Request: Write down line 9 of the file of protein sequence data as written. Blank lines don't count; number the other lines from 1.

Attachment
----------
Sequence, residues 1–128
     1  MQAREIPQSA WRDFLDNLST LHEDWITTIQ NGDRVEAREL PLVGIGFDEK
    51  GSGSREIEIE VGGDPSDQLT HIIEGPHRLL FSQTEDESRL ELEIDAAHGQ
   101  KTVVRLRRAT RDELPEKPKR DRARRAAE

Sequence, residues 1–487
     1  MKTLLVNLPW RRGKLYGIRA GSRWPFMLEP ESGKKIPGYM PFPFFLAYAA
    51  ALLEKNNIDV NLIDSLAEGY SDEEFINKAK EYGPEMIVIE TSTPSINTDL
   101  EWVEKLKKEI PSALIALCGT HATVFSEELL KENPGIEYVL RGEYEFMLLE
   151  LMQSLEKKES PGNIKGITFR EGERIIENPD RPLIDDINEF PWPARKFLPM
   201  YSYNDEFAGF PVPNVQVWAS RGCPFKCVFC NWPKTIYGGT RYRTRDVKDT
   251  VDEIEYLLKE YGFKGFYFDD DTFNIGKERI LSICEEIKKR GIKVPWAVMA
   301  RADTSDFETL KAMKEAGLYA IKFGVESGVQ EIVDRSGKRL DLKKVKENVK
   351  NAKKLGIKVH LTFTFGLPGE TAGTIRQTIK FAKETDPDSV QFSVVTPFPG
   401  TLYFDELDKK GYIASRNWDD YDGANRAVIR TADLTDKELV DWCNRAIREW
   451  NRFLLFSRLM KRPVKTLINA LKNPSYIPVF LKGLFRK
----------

   151  LMQSLEKKES PGNIKGITFR EGERIIENPD RPLIDDINEF PWPARKFLPM